In many respects, the work of photographer Annie Leibovitz has provided "images of record" for a generation.

In many respects, the work of photographer Annie Leibovitz has provided "images of record" for a generation.

From her news photography, to her notable work for Rolling Stone magazine, to her efforts to capture aspects of culture not found among newsmakers or art-makers, Leibovitz has chronicled popular culture by capturing and creating images that are also in-and-of-themselves works of art.

"You can't have been alive in the past 20, 30, 40 years and not recognize the faces and moments" reflected in her work, Wexner Center for the Arts Director Sherri Geldin told The Beat.

"What is amazing to find is that the images you have in your mind of those people and events end up being images Annie took."

That the singular exhibition of more than 200 pieces of Leibovitz' work that will be on view at the Wexner Center from Saturday, Sept. 22 through Dec. 30 is a significant one is not lost on Geldin nor any of the center's staff. But the director admitted her first visit with the artist about 15 months ago was not a "pitch" meeting at all.

Geldin did, at that time, have the opportunity to view the artist's archives and see some of the work Leibovitz was doing in preparation for her Pilgrimage exhibition at the Smithsonian.

"After having spent time with her and seeing the vast and extraordinary body of work, it was a no-brainer" to discuss a possible collaboration, Geldin said. "But the fact is, Annie has shows going on around the world," Geldin said. "She's not looking for suitors, but she was taken with the mission of the Wexner Center for multi-disciplinary work, for contemporary work, and for giving artists opportunities to create new work as well as present it."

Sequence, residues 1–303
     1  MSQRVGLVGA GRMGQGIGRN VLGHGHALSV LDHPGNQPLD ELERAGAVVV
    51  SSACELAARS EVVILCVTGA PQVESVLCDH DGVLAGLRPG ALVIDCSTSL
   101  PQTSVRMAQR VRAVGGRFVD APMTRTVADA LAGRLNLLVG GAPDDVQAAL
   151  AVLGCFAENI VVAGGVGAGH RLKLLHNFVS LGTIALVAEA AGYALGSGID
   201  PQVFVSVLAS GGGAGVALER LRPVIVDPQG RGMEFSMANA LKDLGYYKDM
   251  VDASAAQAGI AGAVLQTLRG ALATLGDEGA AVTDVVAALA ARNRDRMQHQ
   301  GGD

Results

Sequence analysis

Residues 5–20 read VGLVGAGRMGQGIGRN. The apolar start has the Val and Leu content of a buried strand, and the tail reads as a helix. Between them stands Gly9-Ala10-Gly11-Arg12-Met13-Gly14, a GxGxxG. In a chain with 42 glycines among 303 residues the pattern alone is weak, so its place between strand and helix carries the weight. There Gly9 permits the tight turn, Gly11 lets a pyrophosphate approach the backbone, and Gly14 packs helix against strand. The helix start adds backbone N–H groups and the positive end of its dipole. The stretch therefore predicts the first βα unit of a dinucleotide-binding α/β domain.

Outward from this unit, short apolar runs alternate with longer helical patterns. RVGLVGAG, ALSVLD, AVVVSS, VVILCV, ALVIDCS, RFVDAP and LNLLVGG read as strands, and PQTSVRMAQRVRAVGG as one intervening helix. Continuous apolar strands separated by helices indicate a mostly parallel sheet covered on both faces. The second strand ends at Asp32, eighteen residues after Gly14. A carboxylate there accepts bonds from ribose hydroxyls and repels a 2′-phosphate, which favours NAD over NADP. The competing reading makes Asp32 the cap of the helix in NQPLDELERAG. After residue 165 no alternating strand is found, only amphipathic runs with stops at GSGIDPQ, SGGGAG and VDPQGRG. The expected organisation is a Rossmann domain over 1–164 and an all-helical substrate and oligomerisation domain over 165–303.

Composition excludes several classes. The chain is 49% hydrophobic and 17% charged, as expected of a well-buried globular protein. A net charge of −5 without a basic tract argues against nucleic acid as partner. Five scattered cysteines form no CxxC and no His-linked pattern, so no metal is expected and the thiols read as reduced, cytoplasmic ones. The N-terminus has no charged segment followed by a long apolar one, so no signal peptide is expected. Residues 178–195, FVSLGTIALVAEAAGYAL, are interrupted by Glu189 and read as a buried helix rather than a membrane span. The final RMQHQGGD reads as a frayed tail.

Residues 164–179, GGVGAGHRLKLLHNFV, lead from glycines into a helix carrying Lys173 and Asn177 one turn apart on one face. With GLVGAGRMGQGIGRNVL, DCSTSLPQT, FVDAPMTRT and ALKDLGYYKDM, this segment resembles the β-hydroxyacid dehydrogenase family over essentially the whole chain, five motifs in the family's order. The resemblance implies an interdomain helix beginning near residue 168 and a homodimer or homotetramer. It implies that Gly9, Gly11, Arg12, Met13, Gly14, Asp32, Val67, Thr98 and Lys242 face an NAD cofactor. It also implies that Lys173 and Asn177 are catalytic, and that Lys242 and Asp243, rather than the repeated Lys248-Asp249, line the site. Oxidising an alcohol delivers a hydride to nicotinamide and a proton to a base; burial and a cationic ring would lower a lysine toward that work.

In the ensuing months, Geldin has seen "countless reproductions, even high-quality," but said it wasn't until the actual pieces began arriving for installation that their full merit became evident.

"You forget how special they are up close and personal," Geldin said. "It's startling to see how exquisite they are."

The exhibition's centerpiece is the 160-piece "Master Set," the artist's own selection as her definitive works.

These images include Muhammad Ali, John Lennon and Yoko Ono, the Blues Brothers, Mikhail Baryshnikov and more. Many are from her work as a staff photographer at Rolling Stone.

Geldin said it is her understanding the entire set has never been exhibited in its entirety until now.

"We quietly inquired about it, but were summarily disabused of the notion" by those around Leibovitz, Geldin explained. "But when Annie came to visit, she actually mentioned the possibility. They practically had to pick me up off the floor."

The exhibition also includes the full Pilgrimage project, featuring images from a period of travel in which Leibovitz sought out places and objects connected with historical figures including Abraham Lincoln, Emily Dickinson, Annie Oakley and others.

"It was important to her that we show Pilgrimage," Geldin said, adding, "We have it hung salon style in a single gallery space.

"It gives it an antiquarian feel and presents the quality of the range of work."

The third component (The Beat confessed to Geldin we hesitated to use that term) of the exhibition is a collection of "overlap" subjects – artists featured both by Leibovitz and the Wexner Center, including Twyla Tharp, Mya Lin, Philip Glass, Julianne Moore and others.

"Some of these artists have appeared at the Wexner Center before they were ready for close-up and framing by Annie," Geldin said. "This part of the project has been very reaffirming."

For more on "Annie Leibovitz" at the Wexner Center for the Arts, read the BeatBlog at